The proposed space-based cryptographic method is considered as a virtual-optics cryptosystem [10,11], which can be applied to alleviate physical limitations in practice. The virtual-optics strategy is useful to protect, store or transmit the data, and make a security identification of the receivers. Hence, a large range can be pre-set for the distance map $d(x,y)$ during the encryption based on the proposed cryptosystem. The large-range distance map can provide much more flexibility and huge key spaces during image encryption and decryption, and will also increase decryption difficulty for the unauthorized receivers. In addition, the ART of every pixel within a small region can be first implemented for the distance map, and then the ART of every pixel within a relatively large region is carried out [29]. This approach could further protect the information about the distance map during data transmission or storage. The extended-depth-of-focus methods [23,32,33] might be used for the information retrieval between the object plane and phase-only mask (M2) plane. These methods could not be considered as an attack strategy in this case, since other security keys (such as the distance *z*) are still required during the decryption. In addition, a phase-only mask can be further placed just behind the 3D particle volume to enhance the security, and more phase-only masks can be used in the object wave path during the encryption.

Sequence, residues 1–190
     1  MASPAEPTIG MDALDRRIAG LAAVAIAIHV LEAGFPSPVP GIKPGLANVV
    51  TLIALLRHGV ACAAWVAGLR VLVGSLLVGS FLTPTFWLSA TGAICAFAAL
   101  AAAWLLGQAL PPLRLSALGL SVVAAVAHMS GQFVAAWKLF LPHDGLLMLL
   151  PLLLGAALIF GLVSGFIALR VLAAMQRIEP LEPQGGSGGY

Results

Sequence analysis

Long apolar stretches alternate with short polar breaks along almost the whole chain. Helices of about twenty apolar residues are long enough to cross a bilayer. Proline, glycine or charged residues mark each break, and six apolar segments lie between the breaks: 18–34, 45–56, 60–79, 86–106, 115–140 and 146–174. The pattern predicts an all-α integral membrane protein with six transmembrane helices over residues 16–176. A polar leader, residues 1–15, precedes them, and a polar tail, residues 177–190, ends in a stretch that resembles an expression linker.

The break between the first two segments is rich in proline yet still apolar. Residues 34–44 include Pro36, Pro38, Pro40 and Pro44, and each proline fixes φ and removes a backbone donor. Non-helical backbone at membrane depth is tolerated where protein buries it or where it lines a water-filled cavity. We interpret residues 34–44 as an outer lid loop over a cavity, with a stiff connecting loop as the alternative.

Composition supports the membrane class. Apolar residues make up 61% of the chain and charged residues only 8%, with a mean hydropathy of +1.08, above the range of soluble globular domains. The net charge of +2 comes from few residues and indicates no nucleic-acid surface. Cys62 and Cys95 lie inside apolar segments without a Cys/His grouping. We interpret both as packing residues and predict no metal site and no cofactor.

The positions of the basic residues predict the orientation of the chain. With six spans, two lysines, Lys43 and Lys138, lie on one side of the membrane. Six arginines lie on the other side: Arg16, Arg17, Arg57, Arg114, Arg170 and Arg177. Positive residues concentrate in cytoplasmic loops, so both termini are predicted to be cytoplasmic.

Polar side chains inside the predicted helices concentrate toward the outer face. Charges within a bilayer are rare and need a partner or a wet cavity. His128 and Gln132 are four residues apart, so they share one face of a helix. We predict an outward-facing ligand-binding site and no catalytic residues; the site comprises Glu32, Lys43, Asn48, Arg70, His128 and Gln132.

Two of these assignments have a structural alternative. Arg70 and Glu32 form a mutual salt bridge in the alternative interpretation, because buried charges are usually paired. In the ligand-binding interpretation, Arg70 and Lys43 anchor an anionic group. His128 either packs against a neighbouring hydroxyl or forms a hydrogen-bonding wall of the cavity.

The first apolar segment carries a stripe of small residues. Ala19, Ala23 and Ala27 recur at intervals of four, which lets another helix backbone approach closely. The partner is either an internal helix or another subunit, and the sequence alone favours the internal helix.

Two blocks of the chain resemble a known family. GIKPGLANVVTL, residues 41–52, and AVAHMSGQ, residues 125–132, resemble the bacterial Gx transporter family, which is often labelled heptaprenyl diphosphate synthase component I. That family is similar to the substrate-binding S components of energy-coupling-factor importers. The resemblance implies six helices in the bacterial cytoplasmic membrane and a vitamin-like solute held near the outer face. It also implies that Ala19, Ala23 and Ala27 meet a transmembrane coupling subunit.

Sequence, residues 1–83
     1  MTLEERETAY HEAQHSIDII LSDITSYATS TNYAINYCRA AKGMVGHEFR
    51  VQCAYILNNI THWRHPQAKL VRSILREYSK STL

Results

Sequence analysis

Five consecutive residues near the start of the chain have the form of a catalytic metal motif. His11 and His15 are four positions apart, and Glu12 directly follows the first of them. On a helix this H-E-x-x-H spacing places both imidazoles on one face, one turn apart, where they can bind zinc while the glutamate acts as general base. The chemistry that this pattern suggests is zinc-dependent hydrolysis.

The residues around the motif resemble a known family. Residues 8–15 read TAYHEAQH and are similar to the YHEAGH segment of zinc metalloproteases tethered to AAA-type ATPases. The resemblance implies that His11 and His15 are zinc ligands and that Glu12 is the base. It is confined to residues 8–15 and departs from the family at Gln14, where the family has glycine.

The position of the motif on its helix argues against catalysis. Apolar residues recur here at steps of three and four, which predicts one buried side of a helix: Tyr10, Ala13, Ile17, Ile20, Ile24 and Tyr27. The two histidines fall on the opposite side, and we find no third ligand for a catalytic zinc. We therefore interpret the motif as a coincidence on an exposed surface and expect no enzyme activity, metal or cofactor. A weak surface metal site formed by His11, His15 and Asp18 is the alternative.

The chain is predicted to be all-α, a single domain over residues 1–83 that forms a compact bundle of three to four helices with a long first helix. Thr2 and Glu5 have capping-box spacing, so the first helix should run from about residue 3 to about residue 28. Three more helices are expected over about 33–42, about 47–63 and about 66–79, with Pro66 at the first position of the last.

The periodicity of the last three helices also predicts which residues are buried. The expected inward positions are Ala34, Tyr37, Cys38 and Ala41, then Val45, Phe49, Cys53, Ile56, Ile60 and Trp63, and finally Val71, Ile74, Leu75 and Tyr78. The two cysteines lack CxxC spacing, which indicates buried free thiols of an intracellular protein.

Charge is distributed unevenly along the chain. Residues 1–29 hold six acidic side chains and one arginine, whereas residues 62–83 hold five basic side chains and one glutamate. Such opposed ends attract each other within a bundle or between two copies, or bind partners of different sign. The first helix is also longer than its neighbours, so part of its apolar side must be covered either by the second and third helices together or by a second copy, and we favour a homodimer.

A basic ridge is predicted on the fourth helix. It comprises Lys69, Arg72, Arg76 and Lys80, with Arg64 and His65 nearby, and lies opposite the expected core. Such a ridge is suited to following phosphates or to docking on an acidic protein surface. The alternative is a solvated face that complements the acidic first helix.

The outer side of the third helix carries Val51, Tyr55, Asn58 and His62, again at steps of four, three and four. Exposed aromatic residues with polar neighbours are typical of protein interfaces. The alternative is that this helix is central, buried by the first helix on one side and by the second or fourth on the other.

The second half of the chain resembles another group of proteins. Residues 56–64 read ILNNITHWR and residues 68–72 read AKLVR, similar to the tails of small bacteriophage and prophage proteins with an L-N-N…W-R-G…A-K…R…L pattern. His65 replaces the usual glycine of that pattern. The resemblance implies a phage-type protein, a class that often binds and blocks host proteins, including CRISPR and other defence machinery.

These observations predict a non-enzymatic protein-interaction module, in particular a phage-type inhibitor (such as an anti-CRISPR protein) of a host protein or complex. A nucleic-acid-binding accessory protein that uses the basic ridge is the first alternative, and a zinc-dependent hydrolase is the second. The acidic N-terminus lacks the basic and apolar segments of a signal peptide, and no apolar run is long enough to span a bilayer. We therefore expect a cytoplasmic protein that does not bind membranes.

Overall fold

It has been demonstrated that the conventional optical image encryption methods are vulnerable to some attack algorithms [14–16], such as chosen-ciphertext attack and known-plaintext attack. In the conventional optical encryption methods (such as double random phase encodings [1,5,8]), the attack algorithms have been successfully applied to extract the security keys based on a 2D processing. The proposed space-based optical encryption method can effectively endure these attacks, since the conventional 2D processing is converted into a 3D space-based processing. The decryption at one single section cannot give any information about the plaintext as shown in Figs. 4(a)–4(c). Although the proposed space-based optical cryptosystem can enhance the security of conventional optical image encryption methods, the CC value between the plaintext and the decrypted image cannot be equivalent to one when all correct security keys are used. The plaintext is considered as a series of particles based on the proposed space-based optical image encryption, thus a cross-talk term exists during image decryption. It is worth noting that it is not feasible to combine many pixels as one particle, since it may result in a low robustness to the attack algorithms.